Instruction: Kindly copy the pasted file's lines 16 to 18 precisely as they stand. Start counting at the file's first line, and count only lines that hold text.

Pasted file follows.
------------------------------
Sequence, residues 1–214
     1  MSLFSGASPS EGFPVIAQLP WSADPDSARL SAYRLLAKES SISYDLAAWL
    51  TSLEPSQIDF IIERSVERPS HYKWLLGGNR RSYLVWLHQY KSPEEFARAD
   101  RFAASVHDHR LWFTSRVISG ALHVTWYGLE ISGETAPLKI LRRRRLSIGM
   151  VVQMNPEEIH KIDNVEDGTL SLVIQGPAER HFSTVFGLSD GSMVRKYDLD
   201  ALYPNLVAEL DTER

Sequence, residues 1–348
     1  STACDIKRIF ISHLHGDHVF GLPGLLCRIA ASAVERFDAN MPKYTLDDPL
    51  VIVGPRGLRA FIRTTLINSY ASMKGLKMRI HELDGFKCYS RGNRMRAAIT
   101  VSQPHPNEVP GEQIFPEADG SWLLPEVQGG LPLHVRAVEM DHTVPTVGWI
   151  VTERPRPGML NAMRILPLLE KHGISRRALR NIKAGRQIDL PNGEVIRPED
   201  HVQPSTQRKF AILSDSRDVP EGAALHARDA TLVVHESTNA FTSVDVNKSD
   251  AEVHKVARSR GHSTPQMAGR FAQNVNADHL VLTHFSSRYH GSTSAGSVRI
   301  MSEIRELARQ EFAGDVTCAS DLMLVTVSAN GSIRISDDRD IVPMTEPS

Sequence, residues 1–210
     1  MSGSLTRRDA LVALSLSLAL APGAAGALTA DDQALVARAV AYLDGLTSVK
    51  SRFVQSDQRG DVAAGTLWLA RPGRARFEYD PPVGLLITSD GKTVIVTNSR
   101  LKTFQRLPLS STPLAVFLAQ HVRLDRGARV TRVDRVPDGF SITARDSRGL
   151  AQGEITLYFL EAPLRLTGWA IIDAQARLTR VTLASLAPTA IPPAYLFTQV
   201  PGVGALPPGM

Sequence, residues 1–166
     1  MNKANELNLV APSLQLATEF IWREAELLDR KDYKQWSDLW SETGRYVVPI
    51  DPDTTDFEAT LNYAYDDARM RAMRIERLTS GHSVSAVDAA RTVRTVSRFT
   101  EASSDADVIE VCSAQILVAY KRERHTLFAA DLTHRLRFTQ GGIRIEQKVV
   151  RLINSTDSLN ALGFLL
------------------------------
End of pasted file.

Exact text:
     1  MSGSLTRRDA LVALSLSLAL APGAAGALTA DDQALVARAV AYLDGLTSVK
    51  SRFVQSDQRG DVAAGTLWLA RPGRARFEYD PPVGLLITSD GKTVIVTNSR
   101  LKTFQRLPLS STPLAVFLAQ HVRLDRGARV TRVDRVPDGF SITARDSRGL